"One of the criticisms was that they extended the deadline for registration to vote in Arizona," Ms. Goroff said. "How that's counter to democracy, I'm not sure. . . . I find it really disturbing that we have a congressional representative who, even after the horror of the day, of having a mob overrun the Capitol, would be eager to be so dishonest in defense of an indefensible president."
"I don't know what he stands for," she said of Mr. Zeldin, "because he certainly doesn't stand for law and order, for democracy. He stands for the opportunity to get up and make a speech on the House floor, and he's willing to be dishonest to do it."
"My thoughts about Zeldin and any of the challengers to the fair and free 2020 election," said Cate Rogers, chairwoman of the East Hampton Democratic Committee, "is one of the worst things about their act is that they know better. They know they're lying -- they're lawyers." Mr. Zeldin "knows how diligent and nonpartisan boards of election are because he's experienced it firsthand" as a candidate, she said. "Above the folks being tricked into believing this garbage, I find Mr. Zeldin on a higher level of culpability. He is well aware it's a lie."
Ms. Rogers said her mood turned from "being absolutely thrilled with the voter turnout and the result in Georgia," where two Democratic candidates unseated two incumbent Republican senators in Tuesday's runoff elections, "and just joy for our democratic process, to revulsion, watching the insurrection and mob rule. My heart breaks for the policeman who lost his life. I don't know how you can claim to be pro-police," she said of Mr. Zeldin, "and then back this."
Mr. Zeldin and his colleagues must choose a side, Ms. Rogers said, "to uphold the Constitution and our democracy, or turn us into an autocracy." Mr. Trump's allies, including Mr. Zeldin and Senators Ted Cruz and Josh Hawley, "educated men who know better, are carrying these lies that dupe the people who are believing it. It amplifies their belief. They're worse than Trump. And he's despicable."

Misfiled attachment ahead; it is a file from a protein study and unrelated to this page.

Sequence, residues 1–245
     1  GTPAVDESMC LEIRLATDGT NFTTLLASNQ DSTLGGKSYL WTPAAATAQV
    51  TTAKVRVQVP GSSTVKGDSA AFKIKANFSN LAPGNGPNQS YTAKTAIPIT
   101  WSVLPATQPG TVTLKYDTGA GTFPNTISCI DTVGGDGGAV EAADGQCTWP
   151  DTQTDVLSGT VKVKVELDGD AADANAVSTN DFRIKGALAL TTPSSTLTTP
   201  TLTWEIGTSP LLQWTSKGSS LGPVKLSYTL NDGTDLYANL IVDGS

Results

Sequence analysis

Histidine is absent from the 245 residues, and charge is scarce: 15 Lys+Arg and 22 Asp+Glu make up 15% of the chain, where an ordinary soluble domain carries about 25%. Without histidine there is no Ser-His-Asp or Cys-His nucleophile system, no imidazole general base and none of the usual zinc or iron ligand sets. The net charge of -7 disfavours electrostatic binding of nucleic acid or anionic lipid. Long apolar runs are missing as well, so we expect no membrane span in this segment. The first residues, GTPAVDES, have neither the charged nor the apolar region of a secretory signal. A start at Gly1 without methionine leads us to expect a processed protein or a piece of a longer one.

Assemblyman Fred Thiele also criticized Mr. Zeldin. "Joe Biden won," he said in a statement. "Yet, for two months, President Trump, some U.S. Senators, and some members of Congress, including our own, have lied to their supporters by telling them, without any credible evidence, that the election was stolen. They are complicit in the insurrection that occurred last week. . . . Those who attempted to overturn a free and fair election will be judged harshly."
"This disgraceful attack on law enforcement and on our democracy is the responsibility of the mob and the elected leaders who have been lying to them for so long," Suffolk County Executive Steve Bellone said in a statement on Friday.
Manny Vilar, chairman of the East Hampton Town Republican Committee, defended the challenge to the election results. In a statement on Jan. 6, he said that "After four years of investigation and vicious persecution of fabricated disproven allegations of President Trump the American people deserve and should have a thorough investigation of the many reported irregularities and possible criminal activities in several states."
"We cannot allow several bad actors in today's protest that may or may not have been part of the protest detract from the need to thoroughly investigate systemic voter fraud," he said. "Never in our lifetimes did we ever imagine we would be seeing what is playing out in our nation's Capital today."